RE: FPDAM5: Egyptian hieroglyphs (was Re: Marks)

From: Philippe Verdy (
Date: Sun Sep 30 2007 - 07:12:35 CST

  • Next message: Philippe Verdy: "RE: FPDAM5: Egyptian hieroglyphs (was Re: Marks)"

    > -----Message d'origine-----
    > De : [] De la
    > part de Serge Rosmorduc
    > Envoyé : dimanche 30 septembre 2007 12:58
    > À :
    > Cc : 'Unicode Mailing List'
    > Objet : Re: FPDAM5: Egyptian hieroglyphs (was Re: Marks)
    > Philippe Verdy a écrit :
    > > Also I just wonder how the proposed encoding can be sufficient to
    > correctly
    > > encode any Hieroglyphic texts, given that it contains NO combining
    > > character, and no layout control characters for representing the quadrat
    > > layout.
    > >
    > >
    > It was decided to leave the sign layout outside of the character
    > encoding, as the simple combining characters you think of, if they give
    > an acceptable approximation,
    > are far from covering all possibilities. In particular, in some cases,
    > egyptologists will require exact positioning -- so, basically, one would
    > need to put into unicode a system which is quite clearly outside its
    > bounds.

    I can understand that there are some special applications that will need
    very precise position and glyph layout. But the same could be said to ALL

    The main problem I see is that ALL hieroglyphic texts, even the most basic
    ones where advanced positioning is needed, will require a specific renderer
    and, even worse, specific encoding conventions.

    My intent is not to represent the EXACT layout, but the composition
    relations that exist between each part. The most basic relation being first
    the quadrat grouping when such grouping exists, and then the "before" and
    "above" relations, which are not necessarily specifying the exact layout,
    but the most frequent way they semantic distinctions are made, for the most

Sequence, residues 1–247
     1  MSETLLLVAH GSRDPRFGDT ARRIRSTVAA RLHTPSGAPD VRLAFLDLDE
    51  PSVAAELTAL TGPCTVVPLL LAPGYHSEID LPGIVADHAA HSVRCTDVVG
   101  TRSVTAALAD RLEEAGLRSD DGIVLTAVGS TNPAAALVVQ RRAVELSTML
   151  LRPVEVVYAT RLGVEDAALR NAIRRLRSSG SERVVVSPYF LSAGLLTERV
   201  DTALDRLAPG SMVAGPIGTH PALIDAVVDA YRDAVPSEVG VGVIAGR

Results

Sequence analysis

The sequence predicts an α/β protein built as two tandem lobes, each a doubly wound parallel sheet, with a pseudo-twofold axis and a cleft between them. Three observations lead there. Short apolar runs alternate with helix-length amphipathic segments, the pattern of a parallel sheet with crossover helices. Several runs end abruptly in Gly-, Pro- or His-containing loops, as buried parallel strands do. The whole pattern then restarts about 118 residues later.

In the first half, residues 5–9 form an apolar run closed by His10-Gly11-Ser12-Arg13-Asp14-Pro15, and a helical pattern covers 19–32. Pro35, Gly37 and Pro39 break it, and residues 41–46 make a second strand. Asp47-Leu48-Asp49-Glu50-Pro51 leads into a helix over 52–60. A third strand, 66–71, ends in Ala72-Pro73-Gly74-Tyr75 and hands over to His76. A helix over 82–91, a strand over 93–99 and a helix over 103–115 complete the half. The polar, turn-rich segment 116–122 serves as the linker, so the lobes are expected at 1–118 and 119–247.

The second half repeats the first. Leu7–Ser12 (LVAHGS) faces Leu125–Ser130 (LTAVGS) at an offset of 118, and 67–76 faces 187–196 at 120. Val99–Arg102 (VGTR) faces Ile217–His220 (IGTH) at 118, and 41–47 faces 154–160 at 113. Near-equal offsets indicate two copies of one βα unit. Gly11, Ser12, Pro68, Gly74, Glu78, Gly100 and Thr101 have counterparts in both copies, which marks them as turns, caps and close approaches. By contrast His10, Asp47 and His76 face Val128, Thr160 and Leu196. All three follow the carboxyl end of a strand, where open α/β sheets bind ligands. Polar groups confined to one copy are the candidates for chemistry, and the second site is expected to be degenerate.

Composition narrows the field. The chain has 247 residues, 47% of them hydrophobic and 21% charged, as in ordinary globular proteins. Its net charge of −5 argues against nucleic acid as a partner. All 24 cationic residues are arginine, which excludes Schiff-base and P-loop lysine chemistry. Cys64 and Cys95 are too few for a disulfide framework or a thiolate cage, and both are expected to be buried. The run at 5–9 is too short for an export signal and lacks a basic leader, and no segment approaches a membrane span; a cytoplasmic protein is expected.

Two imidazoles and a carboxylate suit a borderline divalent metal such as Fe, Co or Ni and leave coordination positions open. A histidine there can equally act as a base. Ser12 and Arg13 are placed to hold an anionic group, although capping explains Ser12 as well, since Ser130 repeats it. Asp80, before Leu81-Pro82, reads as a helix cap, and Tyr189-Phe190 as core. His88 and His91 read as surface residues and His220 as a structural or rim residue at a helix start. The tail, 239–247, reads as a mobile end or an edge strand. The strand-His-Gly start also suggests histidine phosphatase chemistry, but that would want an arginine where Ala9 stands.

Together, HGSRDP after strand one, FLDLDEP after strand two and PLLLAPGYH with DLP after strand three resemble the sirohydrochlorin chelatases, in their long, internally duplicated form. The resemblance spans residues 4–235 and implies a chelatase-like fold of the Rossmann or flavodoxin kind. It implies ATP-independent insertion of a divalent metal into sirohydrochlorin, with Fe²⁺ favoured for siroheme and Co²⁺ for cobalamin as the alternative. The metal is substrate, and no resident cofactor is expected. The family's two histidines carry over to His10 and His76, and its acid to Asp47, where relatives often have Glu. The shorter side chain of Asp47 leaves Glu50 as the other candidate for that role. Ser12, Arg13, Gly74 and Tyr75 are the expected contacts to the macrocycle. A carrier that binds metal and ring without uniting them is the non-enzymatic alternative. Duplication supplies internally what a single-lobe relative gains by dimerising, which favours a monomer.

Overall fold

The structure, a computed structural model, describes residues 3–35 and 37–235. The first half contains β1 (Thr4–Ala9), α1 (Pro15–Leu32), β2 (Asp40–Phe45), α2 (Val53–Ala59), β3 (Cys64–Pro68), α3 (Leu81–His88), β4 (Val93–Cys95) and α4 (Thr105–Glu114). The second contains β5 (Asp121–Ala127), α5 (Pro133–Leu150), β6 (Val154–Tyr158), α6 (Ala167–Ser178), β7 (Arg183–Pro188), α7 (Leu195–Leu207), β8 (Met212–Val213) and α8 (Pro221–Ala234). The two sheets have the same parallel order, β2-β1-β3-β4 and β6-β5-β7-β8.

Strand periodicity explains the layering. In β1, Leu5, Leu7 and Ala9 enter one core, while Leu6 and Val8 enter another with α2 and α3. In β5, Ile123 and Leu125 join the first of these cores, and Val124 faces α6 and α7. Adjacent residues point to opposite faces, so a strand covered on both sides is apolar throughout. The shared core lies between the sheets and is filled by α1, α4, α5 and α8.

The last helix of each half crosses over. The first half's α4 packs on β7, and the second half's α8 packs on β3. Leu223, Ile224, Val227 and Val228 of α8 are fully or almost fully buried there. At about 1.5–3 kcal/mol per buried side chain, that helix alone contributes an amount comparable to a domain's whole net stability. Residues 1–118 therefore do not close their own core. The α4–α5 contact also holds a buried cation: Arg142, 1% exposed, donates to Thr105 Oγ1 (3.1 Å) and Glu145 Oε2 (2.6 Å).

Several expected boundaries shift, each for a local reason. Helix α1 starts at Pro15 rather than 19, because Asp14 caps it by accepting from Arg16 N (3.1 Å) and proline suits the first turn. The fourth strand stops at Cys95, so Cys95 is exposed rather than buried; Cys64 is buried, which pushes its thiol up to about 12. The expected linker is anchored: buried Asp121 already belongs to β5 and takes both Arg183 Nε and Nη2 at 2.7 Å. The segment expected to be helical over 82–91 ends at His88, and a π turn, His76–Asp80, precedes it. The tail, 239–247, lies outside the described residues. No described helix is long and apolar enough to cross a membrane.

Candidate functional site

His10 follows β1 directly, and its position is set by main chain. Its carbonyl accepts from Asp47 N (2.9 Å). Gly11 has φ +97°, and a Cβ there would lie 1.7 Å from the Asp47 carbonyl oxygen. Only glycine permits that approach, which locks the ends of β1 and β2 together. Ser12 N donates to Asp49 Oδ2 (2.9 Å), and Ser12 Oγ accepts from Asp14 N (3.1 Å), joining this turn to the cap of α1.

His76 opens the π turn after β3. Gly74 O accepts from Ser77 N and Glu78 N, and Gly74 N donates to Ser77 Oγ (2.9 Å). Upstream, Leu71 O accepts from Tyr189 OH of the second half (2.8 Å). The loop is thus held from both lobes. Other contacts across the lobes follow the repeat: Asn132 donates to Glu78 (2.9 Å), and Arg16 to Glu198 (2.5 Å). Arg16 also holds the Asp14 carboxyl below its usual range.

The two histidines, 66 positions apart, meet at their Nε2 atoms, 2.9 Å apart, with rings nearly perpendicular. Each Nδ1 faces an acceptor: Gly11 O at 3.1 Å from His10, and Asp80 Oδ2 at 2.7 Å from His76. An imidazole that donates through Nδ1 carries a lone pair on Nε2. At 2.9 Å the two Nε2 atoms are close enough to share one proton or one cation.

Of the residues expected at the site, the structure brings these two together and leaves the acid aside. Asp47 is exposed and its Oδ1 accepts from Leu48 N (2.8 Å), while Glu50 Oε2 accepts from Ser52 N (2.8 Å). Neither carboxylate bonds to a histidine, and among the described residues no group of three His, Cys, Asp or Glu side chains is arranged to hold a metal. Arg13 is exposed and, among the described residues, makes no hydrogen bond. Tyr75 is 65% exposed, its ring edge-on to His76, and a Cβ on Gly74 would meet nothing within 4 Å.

frequent use: the determinatives.

    A <h1, before, one> relation is semantically very different (meaning the
    figurated meaning of h1 in most frequent cases) from <h1, above, one>
    (meaning the logographic meaning of h1 in most frequent cases) and from <h1>
    (meaning the phonetic value of h1). If we just encode <h1> and <one> as
    symbols, absolutely NO text makes any sense because it is FULLY ambiguous.

    It's acceptable not to encode one of the relations, i.e. the simple
    juxtaposition without grouping ("-" in MdC notation), which is the most
    frequent case. But making all relations equal by not encoding them seems not

    I wonder why there's absolutely no encoding proposed for treating the basic
    relations (":", "*" in MdC) as format controls, and modifications ("\" and
    possibly the rotations) as combining modifiers: this would be useful to keep
    the possibility of encoding hieroglyphs in plain-text.

    Otherwise, it's completely impossible to give any meaning to hieroglyphs in
    plain text. Even their assigned properties (gc=Lo) does not make sense given
    you can't make any meaningful words with them. They are in fact just treated
    like symbols. And the rationale about their encoding as letters (for
    allowing their use in identifiers without breaks between them) does not make
    sense either.

    The resulting situation would be much like if Hangul was encoded without
    encoding the distinctions between initial and final consonants (something
    that was attempted in the past then abandonned as it was not reliable), but
    here it is even worse as there's absolutely no way to determine any
    boundaries within the encoded hieroglyphic text. This makes the rendering
    completely impossible to perform, and the transport of texts with Unicode
    just illusory.

    If you need to encode these characters using an external encoding
    convention, then it will be much better to use MdC conventions with the
    existing Garland names... The Unicode encoding serves absolutely nothing. It
    does not help transforming the MdC encoding into plain-text, it just adds a
    complication for egyptologists.

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